I am not, to use a phrase someone threw at me last night, “on my high horse” about this. I am not holding Hader to some unreasonable, liberal/P.C/social justice warrior standard in which poor, victimized Josh Hader can simply not win. I am simply saying that this is far more serious than finding out some 80-year-old man jumped a subway turnstile back in 1954 and that the acceptance of responsibility, the apology and the work Hader has to do in light of this is not to issue some quick and cursory one offered to a national beat writer as he towels off after a postgame shower.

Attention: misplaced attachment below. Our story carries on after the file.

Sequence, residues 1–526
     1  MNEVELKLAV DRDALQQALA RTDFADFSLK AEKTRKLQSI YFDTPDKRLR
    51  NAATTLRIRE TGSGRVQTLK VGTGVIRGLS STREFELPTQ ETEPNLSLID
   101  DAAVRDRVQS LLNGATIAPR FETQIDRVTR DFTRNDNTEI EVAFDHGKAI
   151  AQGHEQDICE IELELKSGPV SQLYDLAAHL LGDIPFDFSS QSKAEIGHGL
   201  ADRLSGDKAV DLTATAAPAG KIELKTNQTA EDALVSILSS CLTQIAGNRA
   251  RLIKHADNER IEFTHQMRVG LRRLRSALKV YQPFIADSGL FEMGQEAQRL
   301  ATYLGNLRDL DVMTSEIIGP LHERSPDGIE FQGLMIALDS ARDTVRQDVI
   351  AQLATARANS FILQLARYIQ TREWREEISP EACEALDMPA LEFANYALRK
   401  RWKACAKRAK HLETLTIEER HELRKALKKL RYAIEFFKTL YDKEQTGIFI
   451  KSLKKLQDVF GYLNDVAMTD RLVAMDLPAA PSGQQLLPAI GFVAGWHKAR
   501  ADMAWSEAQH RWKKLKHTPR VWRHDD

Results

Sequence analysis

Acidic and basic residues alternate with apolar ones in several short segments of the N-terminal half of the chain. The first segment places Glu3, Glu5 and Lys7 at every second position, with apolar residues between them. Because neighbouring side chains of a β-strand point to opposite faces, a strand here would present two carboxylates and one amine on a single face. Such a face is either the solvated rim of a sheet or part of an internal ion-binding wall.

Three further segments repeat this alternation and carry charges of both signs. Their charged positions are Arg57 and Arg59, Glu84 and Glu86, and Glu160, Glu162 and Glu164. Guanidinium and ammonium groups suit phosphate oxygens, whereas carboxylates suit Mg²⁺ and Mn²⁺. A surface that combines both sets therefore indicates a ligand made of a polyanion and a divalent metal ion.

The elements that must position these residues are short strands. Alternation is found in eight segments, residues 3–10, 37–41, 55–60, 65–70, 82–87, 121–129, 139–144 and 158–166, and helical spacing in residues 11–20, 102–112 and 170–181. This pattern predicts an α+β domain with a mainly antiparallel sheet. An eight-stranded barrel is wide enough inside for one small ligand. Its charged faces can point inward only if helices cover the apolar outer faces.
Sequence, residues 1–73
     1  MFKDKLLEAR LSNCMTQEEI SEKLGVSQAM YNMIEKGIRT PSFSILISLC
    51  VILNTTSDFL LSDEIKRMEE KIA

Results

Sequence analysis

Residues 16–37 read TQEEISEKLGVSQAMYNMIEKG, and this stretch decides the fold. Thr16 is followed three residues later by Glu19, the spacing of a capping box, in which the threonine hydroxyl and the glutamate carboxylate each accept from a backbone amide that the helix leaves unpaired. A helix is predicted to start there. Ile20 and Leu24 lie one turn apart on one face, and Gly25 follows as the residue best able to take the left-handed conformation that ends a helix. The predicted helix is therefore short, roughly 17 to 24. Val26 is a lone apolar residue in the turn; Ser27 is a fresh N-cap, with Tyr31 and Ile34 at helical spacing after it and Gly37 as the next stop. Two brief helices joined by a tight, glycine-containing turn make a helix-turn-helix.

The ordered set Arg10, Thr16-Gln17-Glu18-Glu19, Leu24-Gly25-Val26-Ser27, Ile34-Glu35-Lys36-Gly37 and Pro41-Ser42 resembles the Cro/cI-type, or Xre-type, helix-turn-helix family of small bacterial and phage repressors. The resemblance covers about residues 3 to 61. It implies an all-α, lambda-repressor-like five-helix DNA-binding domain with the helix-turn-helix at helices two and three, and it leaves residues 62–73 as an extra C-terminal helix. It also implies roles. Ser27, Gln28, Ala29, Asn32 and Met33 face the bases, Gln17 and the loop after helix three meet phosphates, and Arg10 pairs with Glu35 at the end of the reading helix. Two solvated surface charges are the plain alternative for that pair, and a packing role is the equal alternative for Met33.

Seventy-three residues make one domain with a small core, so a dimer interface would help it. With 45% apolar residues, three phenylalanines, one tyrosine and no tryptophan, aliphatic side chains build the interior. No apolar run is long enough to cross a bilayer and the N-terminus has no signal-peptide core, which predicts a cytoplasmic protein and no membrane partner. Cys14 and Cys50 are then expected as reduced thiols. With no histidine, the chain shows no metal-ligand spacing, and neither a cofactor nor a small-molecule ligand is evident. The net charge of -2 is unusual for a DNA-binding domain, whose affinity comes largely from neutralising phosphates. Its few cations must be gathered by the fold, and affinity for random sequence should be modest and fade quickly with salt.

I realize our standards and expectations of certain public figures in this country have become impossibly low, but my God, they are not that low, nor should they be.

*There were some putative Hader tweets floating around Twitter of a more recent vintage, particularly one about Trayvon Martin from 2016, but there is reason to suspect at least that one is a photoshop. Hader has locked his account, however, and it cannot be confirmed. It’s not really important, though, given that Hader has admitted to making multiple ugly tweets, to inspect every single one this moment, so we’ll leave the analysis of each and every individual tweet for another time.